I have to admit that I was as sceptical as many others when it was announced that London would host the 2012 Olympic and Paralympic games. Could we make a good job of it or would it be a shambles? There was something I was certain about and that I was I looking forward to being able to go and watch some of the events. In the end, we only managed to see the cycling Road Races and Time Trials as we were not able to get tickets for anything else.
On the morning of the men’s road race, we headed out on our mountain bikes and cut across country to the North Downs Way where we watched the racers go past on Staple Lane. A quick trip back along the NDW took us to Mickleham where we watched them go past for the last 6 of the 9 laps. As the A24 was closed, we were able to cycle up the wrong carriageway, a weird experience. We saw the rest of the race on the big screen at Denbies Vineyard while enjoying a pint of Shere Drop. No medals for TeamGB.
We watched the ladies road race on the Boxhill climb (thanks to 2 unused tickets from Simon Usher). We had to collect them from a ‘pretty Policewoman’! The weather was not as kind for this race as it was for the men. Once again, no gold medal but Lizzie Armitstead got silver.
The following Wednesday, we headed off to watch the time trials. We found a great spot to spectate near Claremont Gardens. The women’s race was first followed shortly after by the men’s event. Finally TeamGB took a gold medal with Wiggo being fastest over the course.
And so our Olympic spectating experience was over, but there was still the Paralympics to enjoy.
As the Paralympians began to arrive in the UK, the excitement started to build. Each of the athletes had their own tale to tell about their disability and how they have overcome it to be able to compete. The TV coverage was not as extensive as it had been for the Olympics, but it was easier to buy tickets. I bought tickets for the Hand Cycle road races at Brands Hatch. I was really looking forward to going – watching a computer screen for updates was not the most exciting way to watch for results.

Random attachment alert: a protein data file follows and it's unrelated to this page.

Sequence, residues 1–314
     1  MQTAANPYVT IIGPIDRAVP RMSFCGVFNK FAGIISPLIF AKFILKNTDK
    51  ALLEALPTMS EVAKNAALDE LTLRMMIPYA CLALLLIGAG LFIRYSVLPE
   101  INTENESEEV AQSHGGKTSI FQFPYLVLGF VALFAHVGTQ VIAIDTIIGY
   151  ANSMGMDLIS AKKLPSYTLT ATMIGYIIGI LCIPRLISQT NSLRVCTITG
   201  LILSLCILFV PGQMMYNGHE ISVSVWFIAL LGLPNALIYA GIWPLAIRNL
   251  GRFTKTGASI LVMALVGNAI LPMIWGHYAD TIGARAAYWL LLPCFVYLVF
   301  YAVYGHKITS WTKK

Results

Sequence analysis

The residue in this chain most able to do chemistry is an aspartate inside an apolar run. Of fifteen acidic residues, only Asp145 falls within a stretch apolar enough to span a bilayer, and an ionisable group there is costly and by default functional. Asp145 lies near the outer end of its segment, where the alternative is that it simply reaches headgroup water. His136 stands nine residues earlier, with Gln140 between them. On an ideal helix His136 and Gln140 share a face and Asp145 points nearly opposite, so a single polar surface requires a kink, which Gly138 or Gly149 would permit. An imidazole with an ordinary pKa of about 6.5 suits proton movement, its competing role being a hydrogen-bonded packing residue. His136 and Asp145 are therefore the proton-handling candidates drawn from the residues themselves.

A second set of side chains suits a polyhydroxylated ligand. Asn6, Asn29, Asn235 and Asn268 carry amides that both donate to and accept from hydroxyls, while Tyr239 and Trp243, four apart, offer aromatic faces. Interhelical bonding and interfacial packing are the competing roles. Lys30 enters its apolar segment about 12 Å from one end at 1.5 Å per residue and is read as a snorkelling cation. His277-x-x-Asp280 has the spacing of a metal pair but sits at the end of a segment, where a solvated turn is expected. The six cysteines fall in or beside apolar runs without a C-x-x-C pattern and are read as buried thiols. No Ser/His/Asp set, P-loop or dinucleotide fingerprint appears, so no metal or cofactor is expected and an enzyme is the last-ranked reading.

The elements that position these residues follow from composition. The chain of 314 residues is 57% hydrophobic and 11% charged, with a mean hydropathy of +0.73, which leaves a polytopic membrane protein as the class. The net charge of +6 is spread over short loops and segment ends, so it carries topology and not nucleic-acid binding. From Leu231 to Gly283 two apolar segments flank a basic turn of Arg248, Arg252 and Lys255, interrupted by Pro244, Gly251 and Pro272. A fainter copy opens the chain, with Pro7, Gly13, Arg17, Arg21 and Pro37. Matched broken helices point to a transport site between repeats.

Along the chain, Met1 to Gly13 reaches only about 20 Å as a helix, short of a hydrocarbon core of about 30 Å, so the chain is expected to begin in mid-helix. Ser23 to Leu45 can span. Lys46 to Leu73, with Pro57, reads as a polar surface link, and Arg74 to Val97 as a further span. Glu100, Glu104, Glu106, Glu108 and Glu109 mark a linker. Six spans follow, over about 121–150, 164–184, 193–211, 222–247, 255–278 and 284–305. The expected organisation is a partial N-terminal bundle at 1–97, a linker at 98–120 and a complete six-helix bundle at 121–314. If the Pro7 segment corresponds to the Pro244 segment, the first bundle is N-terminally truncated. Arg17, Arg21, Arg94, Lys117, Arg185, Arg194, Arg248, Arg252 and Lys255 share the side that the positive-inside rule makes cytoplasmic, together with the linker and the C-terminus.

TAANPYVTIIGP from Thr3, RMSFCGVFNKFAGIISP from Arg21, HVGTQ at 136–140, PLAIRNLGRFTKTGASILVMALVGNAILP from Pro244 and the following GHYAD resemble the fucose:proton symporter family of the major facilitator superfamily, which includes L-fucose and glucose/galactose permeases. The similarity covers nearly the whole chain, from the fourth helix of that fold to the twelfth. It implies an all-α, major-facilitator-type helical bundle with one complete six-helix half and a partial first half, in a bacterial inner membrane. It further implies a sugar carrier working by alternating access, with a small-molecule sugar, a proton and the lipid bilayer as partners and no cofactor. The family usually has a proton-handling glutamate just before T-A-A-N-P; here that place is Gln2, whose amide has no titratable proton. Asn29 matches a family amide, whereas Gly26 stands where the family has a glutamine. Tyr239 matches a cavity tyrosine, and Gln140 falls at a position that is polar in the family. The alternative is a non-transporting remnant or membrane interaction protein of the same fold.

Part of our decision to get tickets for the hand cycling was that Alex Zanardi was racing in the H4 class. Zanardi had lost both legs in a near fatal crash in Germany while racing his Champ car in 2001.
We arrived at Brands on a hot, sunny Friday – it would be a tough day for the racers, which were split into 4 classes depending on their lower limb dysfunction and stability. Spectating inside the circuit was limited but it was all accessible. There was plenty of free water available and a good selection of concession food stands.
The first 2 races were the only ones with British interest, so we were free to cheer for everyone – but that would have happened anyway. From cheering for the fastest to encouraging the slower athletes, I was getting hoarse from the shouting. Words cannot express how inspirational the racers were – they all gave it everything they had, and more. They also mingled with the spectators once their race was over.
In readiness for Zanardi’s race, we positioned ourselves on an uphill section just before the finish straight and got the Italian flag out. We cheered as the racers came out and when Zanardi came past, we wished him luck in our limited Italian.
The race was 8 laps of an 8km course (64 km in total) and for 7 laps, there was a constant game of ‘cat & mouse’ with 8 racers fighting it out. In the end, it came down to a bunch sprint with Zanardi taking gold. But to me everyone competing that day were winners.
We witnessed something really special that day and the memories will last for the rest of my life. I was humbled and honoured to be part of it. It was truly inspirational. Is it wrong for me to admit that I am also jealous of them? Age is not a limiting factor to their being able to compete - Zanardi is 45 and was competing in his first Paralympics.
Post-script: I was in a hotel gym last weekend and they had a hand cycle machine. I had a go – it was hard to hand pedal for 4.5 km let alone the distance covered in the road races by the Paralympians. I have a renewed admiration for their achievements.